Nevertheless, it has now become possible to remain in physical life, yet having seen God. This was made possible by Jesus’ death on the cross. Jesus took time to explain this to one of the Jewish leaders, who had visited Him at night.
Unfortunately, while appearing only once in the Bible, this passage of Scripture seems most favourable among most Christians. Yet it is the passage of Scripture that, no doubt, carries the possibility of being most misunderstood:
“Now there was a man of the Pharisees named Nicodemus, a ruler of the Jews. This man came to Jesus by night and said to him, ‘Rabbi, we know that you are a teacher come from God, for no one can do these signs that you do unless God is with him. Jesus answered him, ‘Truly, truly, I say to you, unless one is born again he cannot see the kingdom of God. Nicodemus said to him, ‘How can a man be born when he is old? Can he enter a second time into his mother’s womb and be born?’ Jesus answered, ‘Truly, truly, I say to you, unless one is born of water and the Spirit, he cannot enter the kingdom of God. That which is born of the flesh is flesh, and that which is born of the Spirit is spirit. Do not marvel that I said to you, ‘You must be born again.’ The wind blows where it wishes, and you hear its sound, but you do not know where it comes from or where it goes. So it is with everyone who is born of the Spirit” (John 3:1-8) (ESV).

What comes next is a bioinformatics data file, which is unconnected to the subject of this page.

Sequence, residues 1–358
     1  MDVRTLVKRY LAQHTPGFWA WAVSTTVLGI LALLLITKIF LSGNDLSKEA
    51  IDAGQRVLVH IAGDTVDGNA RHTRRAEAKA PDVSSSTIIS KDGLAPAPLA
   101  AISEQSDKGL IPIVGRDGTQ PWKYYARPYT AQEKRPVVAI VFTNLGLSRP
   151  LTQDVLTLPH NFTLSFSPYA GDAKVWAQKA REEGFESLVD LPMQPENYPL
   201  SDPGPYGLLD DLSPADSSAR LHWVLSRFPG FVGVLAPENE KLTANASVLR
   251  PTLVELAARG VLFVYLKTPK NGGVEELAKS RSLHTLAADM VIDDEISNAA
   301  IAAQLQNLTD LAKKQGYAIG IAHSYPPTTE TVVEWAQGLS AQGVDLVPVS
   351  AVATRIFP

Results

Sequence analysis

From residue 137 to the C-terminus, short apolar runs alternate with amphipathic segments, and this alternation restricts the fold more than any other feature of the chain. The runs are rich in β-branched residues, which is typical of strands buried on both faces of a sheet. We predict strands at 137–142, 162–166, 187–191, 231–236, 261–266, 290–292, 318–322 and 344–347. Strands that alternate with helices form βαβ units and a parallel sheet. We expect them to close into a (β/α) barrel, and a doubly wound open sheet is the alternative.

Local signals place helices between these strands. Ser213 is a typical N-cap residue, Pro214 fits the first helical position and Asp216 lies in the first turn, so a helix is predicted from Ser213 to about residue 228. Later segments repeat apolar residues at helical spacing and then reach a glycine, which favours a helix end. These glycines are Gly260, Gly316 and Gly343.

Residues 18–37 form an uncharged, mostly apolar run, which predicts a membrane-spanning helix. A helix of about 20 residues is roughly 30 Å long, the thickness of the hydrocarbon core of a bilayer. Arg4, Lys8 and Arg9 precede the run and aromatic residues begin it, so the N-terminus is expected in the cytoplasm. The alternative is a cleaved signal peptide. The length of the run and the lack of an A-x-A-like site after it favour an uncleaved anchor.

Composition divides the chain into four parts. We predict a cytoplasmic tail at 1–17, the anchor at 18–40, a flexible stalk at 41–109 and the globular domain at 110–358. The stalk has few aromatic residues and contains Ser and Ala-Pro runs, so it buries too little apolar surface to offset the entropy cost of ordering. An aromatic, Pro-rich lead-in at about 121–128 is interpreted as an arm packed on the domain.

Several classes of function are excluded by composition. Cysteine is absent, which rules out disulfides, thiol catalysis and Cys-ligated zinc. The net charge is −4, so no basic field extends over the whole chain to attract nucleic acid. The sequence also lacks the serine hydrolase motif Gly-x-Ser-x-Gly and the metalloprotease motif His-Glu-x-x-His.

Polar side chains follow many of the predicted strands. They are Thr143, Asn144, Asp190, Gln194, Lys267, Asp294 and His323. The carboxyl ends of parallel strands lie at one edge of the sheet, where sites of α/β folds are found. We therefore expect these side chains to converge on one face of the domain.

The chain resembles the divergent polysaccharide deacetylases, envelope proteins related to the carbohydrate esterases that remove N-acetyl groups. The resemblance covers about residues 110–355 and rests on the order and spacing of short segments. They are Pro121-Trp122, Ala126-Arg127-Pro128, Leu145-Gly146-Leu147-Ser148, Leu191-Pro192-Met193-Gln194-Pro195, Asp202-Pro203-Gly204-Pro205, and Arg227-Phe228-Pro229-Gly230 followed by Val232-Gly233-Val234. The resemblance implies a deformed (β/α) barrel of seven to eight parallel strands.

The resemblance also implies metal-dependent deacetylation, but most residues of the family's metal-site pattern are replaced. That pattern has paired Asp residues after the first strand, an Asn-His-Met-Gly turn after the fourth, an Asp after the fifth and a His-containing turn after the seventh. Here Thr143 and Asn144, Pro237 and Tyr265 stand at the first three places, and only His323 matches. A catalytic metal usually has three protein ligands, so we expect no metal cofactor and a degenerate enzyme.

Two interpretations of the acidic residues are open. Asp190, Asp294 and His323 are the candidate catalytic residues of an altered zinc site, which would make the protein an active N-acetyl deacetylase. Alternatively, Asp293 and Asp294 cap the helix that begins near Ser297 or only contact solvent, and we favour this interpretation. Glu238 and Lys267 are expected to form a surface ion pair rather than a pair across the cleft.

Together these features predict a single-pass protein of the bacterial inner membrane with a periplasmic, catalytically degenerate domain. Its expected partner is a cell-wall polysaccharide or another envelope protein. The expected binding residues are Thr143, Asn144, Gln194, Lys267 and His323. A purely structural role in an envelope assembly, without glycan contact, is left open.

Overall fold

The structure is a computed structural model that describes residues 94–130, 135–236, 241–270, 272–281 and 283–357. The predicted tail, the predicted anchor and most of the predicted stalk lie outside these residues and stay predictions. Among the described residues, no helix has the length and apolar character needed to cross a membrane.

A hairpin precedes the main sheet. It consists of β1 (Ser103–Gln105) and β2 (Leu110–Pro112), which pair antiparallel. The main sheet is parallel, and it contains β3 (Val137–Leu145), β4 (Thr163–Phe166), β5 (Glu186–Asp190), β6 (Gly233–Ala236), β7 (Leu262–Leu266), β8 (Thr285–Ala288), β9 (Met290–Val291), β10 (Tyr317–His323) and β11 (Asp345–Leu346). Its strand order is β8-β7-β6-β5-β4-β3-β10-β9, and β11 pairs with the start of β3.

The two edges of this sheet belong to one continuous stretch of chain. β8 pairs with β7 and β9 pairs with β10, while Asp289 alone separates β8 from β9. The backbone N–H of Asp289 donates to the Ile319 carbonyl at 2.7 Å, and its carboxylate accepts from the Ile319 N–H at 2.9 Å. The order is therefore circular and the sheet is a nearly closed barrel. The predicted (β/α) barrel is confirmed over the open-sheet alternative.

Jesus was merely repeating what God had said to Moses:
“’You cannot see my face, for man shall not see me and live.’ And the Lord said, ‘Behold, there is a place by me where you shall stand on the rock, and while my glory passes by I will put you in a cleft of the rock, and I will cover you with my hand until I have passed. Then I will take away my hand, and you shall see my back, but my face shall not be seen’” (Exodus 33:20-23) (ESV).
How is God’s back and His glory look like? And what did God mean: “and I will cover you with my hand until I have passed. Then I will take away my hand, and you shall see my back, but my face shall not be seen” (Exodus 33:22-23) (ESV)?